Although there was no agreement at this summit, and a second will be held in Brussels in mid-July in person, Costa assured that there has been a rapprochement between the positions of the member countries.
Cruise line operators’ shares dropped sharply
Shares declined after the International Association of Cruise Lines announced the suspension of cruise operations in U.S. ports.
The major cruise lines have agreed to voluntarily extend the suspension of operations until September 15.
Norwegian Cruise Line and Carnival each fell by more than 5%, while Royal Caribbean fell by 6.8%.
On the other hand, Arizona and Florida reported records in confirmed cases of Covid-19, while the states continue their reopenings in phases. California on Thursday reported more than 4,000 new cases in a single day, the highest daily number in history.
Negative news about the pandemic led to shares at their lowest level
Apple said it is closing eleven stores in Florida, Arizona, South Carolina and North Carolina again.
All the stores had been reopened since Apple initially closed them in March because of the coronavirus outbreak.
Shares in the technology giant traded 0.5% lower.
On the other hand, China suspended chicken imports from Tyson Foods’ plant in Springdale, Arkansas.
China made this decision because of coronavirus infections among workers at the plant.
Tyson Foods said it was investigating the issue, but added that it was confident its products were safe and hoped the problem would be resolved as soon as possible.
For years investors have been forced to change their approach to the market
They have gone from ‘value’ to reaction to intervened markets.
Investors must now react more to the liquidity policies and stimuli of the authorities than to any other market-related factor, some macro data or even corporate results.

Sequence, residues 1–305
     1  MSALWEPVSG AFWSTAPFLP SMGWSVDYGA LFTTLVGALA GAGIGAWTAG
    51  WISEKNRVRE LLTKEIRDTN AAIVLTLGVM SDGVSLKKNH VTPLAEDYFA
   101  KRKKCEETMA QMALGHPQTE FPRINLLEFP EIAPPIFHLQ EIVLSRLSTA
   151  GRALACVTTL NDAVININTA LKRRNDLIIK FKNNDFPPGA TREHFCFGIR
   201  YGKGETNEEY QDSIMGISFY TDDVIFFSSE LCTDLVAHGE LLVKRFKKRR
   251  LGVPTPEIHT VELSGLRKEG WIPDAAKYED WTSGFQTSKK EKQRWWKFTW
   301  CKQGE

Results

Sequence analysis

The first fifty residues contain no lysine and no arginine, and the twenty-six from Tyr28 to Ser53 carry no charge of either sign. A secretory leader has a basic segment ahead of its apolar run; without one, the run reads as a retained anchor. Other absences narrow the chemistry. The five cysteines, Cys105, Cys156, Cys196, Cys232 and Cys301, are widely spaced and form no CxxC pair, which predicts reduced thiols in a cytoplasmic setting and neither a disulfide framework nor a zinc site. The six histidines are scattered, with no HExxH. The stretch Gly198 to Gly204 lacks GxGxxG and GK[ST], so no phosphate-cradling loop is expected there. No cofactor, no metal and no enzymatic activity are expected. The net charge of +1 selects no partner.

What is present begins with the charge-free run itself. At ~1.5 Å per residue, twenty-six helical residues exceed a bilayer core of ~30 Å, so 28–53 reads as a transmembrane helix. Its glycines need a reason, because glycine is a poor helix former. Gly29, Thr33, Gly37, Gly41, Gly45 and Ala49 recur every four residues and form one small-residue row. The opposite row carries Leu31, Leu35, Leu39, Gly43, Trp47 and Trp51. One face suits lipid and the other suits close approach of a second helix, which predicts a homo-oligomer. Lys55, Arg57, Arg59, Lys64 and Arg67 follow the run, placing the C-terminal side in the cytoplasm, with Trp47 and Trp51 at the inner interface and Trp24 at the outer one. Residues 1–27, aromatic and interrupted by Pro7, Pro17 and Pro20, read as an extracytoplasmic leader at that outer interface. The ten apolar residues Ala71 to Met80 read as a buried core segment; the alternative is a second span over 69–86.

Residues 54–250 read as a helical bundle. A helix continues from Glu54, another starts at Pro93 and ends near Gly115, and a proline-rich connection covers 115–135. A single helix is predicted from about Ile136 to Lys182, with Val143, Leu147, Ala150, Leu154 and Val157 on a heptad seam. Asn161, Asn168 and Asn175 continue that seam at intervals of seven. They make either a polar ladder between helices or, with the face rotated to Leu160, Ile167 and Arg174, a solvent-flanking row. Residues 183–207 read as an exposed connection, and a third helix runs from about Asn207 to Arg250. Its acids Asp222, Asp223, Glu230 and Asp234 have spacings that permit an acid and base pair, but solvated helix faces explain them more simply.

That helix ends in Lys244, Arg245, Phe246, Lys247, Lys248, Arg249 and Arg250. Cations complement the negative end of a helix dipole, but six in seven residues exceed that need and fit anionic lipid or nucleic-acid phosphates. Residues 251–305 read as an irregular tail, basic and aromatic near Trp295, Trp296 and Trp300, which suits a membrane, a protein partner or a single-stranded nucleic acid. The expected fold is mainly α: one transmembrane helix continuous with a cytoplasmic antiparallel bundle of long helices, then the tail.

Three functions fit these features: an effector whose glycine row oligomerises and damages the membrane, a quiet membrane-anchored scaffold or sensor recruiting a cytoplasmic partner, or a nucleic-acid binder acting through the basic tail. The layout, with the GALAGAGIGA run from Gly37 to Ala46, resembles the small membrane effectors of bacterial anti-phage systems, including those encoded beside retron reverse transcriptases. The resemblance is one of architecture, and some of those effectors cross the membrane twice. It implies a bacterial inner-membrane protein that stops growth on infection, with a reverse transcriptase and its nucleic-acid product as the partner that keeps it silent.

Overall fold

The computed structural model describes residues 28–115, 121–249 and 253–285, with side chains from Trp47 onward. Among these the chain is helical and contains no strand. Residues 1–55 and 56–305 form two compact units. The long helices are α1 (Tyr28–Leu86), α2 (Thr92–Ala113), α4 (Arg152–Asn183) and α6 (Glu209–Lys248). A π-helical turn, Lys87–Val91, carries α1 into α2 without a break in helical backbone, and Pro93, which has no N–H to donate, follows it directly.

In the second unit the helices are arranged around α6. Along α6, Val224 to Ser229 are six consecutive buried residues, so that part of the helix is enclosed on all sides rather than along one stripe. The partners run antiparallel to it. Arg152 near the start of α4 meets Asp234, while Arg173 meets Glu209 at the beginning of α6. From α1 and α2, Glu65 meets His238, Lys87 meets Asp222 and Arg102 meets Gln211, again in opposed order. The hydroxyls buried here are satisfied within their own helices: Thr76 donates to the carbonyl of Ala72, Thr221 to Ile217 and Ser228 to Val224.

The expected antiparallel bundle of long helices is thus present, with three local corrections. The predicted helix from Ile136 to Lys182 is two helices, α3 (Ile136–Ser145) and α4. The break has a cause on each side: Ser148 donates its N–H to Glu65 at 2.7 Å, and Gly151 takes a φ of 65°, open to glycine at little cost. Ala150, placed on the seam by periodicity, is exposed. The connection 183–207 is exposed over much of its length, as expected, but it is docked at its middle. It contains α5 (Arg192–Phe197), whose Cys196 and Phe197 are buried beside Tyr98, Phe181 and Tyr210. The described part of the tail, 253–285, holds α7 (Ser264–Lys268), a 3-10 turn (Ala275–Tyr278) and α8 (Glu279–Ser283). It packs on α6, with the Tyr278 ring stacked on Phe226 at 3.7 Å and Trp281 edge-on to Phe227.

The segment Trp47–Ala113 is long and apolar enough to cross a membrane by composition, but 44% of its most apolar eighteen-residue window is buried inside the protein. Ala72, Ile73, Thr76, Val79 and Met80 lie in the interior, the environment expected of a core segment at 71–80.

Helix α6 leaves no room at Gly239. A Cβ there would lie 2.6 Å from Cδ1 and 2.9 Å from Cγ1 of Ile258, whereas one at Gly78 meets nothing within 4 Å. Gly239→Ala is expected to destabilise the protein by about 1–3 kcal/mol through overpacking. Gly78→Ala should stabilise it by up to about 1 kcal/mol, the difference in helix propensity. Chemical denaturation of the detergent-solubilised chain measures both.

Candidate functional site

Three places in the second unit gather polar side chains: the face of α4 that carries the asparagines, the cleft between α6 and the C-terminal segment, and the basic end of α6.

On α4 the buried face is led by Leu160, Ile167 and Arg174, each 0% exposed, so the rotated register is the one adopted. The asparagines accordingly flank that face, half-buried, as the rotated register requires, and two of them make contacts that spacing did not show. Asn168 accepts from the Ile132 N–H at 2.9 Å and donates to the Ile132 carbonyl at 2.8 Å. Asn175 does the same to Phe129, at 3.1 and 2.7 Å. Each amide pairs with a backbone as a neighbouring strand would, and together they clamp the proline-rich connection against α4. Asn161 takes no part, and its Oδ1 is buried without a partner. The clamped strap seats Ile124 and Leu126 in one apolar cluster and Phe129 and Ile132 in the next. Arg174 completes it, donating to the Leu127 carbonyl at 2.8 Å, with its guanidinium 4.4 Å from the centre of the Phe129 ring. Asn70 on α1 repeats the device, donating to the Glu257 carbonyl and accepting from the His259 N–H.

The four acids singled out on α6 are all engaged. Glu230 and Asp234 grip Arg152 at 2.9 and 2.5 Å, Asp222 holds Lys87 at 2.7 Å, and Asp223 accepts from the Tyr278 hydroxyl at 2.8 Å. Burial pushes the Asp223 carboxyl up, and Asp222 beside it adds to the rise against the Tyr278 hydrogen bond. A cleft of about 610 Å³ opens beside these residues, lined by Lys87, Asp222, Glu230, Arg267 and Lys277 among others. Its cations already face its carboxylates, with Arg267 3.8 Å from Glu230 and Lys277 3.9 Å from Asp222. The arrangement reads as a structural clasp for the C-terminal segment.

Central bank support for the markets in recent years has been massive and in recent weeks has been exaggerated.
It is the authorities themselves who claim that their mission is not geared to monitoring the behaviour of the stock markets. However, every time the market hints at signs of weakness, some central bank appears to announce new developments in the form of stimuli and bailouts. What it does is offer much more money to reassure investors and promote price increases.
The crisis has forced central banks to inject much more liquidity than initially expected. The result is that an unprecedented monster has been engendered: a very complex financial bubble and a truly disturbing universe of zombie companies.
For the moment, the green listing screens lead one to believe that there is reality behind the price formation, when the real reason behind the increases is almost exclusively artificial.
The interventionist frenzy is such that there is a great disconnection between the real economy and the financial one, a distortion between quotations and company profits.
Politicians like Donald Trump, and others in general, follow the stock market and often imply that the strength of the stock market reflects their own management.
Politicians need stock price rises and bright green in everyone’s mind to face their election campaigns with a chance of success.